Improving patient adherence through data-driven insights

When patients fail to follow prescribed medical regimens, outcomes suffer. A McKinsey study points to areas pharmaceutical companies can address to combat this long-standing industry issue.

Failure to adhere to prescribed-medication regimens is one of the principal reasons patients don’t achieve the expected outcomes from their treatment. Solving this challenge has been a major goal for pharmaceutical and healthcare organizations for decades. Studies show that 50 to 60 percent of patients with chronic illnesses miss doses, take the wrong doses, or drop off treatment in the first year.1 An estimated 125,000 lives are lost annually in the United States and additional healthcare expenditures of $290 billion are driven by nonadherence.2 An estimated 10 percent of hospitalizations in older patients are considered avoidable through improved medication adherence.3 Beyond the primary goal of healthier and longer lives for patients, improved adherence also has a direct impact on pharmaceutical-industry revenues.

In this article we delve into insights from a McKinsey study that examined differences in adherence across diseases, and among branded medications treating the same disease. We find interesting variations among diseases and drugs that we will explore further in this article. The study applied a 360-degree approach to examine factors that may influence patient adherence (see “A 360-degree approach to patient adherence”). We analyzed select patterns in adherence data for the top branded medications in eight disease categories.4 The study principally examined patients in the United States, looking at pharmacy (prescription) data and medical claims using a data set covering millions of patients from Crossix Solutions,5 a data-analytics company. The data contain a host of patient characteristics, including psychographics, socioeconomic indicators, and consumer-purchase patterns, which are referenced in examples throughout.

There are three principle measures of adherence:

  • Persistence. How long patients take a drug before either switching to a new drug or stopping treatment entirely. This is measured by how many patients continue to fill their prescriptions.
  • Compliance. How closely patients follow the prescribed treatment plan. This is measured by how many persistent patients fill their prescribed doses on schedule, based on the approved product label. We have considered patients to be compliant if at least 80 percent of doses, according to approved product label, were filled within the study period.
  • Adherence. Combined view of compliance and persistence, measured by the share of all patients, who fill their prescribed doses on schedule, based on the approved product label. Similar to compliance, we have considered patients to be adherent if at least 80 percent of doses, according to approved product label, were filled within the study period.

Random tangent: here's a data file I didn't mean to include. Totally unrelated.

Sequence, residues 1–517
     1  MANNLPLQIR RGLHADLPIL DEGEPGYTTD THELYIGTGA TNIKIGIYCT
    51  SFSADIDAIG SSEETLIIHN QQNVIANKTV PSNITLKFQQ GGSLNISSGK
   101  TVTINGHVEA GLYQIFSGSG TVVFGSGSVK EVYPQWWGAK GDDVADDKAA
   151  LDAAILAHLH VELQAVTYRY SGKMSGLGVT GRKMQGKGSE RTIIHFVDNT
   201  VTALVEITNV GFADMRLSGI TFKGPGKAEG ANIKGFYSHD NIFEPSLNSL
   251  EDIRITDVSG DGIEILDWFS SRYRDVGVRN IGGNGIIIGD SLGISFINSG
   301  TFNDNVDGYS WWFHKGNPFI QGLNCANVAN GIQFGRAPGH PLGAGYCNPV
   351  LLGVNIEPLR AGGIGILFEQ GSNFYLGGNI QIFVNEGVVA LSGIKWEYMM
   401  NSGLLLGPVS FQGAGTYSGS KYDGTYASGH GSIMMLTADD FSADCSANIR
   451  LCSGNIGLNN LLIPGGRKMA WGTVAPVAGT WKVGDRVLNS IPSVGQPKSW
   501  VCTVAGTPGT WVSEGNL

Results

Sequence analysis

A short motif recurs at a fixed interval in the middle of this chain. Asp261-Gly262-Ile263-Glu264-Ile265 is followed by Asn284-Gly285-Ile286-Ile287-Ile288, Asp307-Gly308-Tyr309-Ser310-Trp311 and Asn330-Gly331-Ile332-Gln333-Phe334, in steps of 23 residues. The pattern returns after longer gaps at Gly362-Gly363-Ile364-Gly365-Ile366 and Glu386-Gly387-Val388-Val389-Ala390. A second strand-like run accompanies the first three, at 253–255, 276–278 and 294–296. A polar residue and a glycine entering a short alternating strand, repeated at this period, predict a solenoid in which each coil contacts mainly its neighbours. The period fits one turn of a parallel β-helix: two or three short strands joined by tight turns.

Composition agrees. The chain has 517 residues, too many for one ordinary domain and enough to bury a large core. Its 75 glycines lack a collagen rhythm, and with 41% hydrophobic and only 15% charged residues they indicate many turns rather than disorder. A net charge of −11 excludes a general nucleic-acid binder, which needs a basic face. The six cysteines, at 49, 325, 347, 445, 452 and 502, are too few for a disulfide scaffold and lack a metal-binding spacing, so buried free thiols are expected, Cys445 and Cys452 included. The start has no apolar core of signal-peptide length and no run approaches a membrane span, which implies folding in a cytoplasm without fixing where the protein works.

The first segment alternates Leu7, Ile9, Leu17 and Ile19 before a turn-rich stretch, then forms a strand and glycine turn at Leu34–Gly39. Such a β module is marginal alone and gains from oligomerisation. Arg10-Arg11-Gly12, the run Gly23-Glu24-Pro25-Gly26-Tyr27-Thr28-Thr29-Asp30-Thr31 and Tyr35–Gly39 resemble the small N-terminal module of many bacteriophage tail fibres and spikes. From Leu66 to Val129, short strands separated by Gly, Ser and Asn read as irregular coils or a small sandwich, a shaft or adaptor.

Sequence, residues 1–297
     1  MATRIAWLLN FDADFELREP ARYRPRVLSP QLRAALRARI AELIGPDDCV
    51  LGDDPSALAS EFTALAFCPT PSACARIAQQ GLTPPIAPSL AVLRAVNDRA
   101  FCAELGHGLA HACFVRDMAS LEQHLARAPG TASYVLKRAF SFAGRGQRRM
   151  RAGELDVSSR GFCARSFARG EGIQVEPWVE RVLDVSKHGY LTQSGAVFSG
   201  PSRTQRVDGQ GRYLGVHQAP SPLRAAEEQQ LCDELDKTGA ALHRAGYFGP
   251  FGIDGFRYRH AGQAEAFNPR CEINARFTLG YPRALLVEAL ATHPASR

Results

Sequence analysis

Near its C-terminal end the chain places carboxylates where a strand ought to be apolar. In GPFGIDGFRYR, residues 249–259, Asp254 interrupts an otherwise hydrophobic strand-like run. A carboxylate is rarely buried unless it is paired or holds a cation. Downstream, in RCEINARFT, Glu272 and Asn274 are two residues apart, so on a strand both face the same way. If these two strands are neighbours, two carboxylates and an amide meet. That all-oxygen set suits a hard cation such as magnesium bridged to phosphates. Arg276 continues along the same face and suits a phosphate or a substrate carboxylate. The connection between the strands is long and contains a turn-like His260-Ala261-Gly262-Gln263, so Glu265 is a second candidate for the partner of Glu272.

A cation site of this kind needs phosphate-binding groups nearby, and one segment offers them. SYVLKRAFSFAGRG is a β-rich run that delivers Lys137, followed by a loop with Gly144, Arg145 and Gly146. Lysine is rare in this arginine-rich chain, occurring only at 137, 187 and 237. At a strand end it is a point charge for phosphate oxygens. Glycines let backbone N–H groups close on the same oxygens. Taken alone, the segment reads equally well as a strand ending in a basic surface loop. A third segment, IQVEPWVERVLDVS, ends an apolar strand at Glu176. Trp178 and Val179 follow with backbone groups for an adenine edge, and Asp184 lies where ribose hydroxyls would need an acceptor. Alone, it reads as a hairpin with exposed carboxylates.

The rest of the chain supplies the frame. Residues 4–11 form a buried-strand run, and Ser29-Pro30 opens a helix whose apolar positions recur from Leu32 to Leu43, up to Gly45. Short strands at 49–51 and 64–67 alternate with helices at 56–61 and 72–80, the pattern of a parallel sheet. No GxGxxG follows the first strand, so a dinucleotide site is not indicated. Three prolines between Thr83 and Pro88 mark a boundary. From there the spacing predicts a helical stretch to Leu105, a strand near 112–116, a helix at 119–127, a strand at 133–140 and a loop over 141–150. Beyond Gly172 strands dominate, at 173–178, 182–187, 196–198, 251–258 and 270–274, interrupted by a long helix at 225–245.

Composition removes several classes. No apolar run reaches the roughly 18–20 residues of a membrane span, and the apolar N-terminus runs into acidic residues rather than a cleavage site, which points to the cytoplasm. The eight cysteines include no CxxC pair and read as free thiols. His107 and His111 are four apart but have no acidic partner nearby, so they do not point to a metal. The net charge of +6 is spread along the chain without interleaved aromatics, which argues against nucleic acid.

We explored two of these dimensions in our analysis: persistence and adherence.

Adherence varies widely among medications treating the same disease

As might be expected, adherence rates varied noticeably among the disease categories examined. Exhibit 1 shows adherence and persistence rates across diseases.

The data show a significant lack of adherence across disease categories, all of which are chronic in nature. Across diseases, 26 to 63 percent of patients do not adhere to the treatment regimen indicated by the approved product label. Further, after one year, 50 percent or fewer patients remained on their treatment across all the diseases analyzed.

Contrary to studies that suggest severe conditions tend to have worse adherence rates,6 our analysis showed that diseases with greater severity, measured by average disability-adjusted life years, tended to have higher median adherence rates. For example, two of the most severe diseases in the study—HIV and multiple sclerosis—had significantly higher median adherence levels than other diseases.

Interestingly, our analysis also showed that adherence variations can be greater among medications for a specific disease category than the median variations across disease categories. Exhibits 2 and 3 show the range of adherence and persistence rates, respectively, for medications in each of the studied disease categories.

Within disease categories, adherence rates differed by about 20 to 50 percentage points based on the medication being prescribed (Exhibit 2). For example, in ulcerative colitis, the medication with the highest adherence rate had about 65 percent adherence, while the one with the lowest was approximately 20 percent, a 45-percentage-point gap.

Persistence shows a similar trend (Exhibit 3), although variations within disease categories are even wider. More than half of the diseases analyzed had a range of more than 40 percentage points in persistence rates across medications. Psoriasis showed the largest variation, a 45-percentage-point gap between the best performer, 53 percent, and the worst, 8 percent.

A multitude of factors specific to individual brands could be affecting adherence. This is apparent even for brands in the same drug class with similar efficacy, cost, and delivery mechanism. For example, interferons in multiple sclerosis showed a 13-percentage-point difference in adherence between the best- and worst-performing medications.

These findings highlight the importance of identifying specific drivers of adherence for each individual medication or brand—indicating that it is important to understand the specifics of each medication or brand beyond just understanding the broad factors related to the disease category.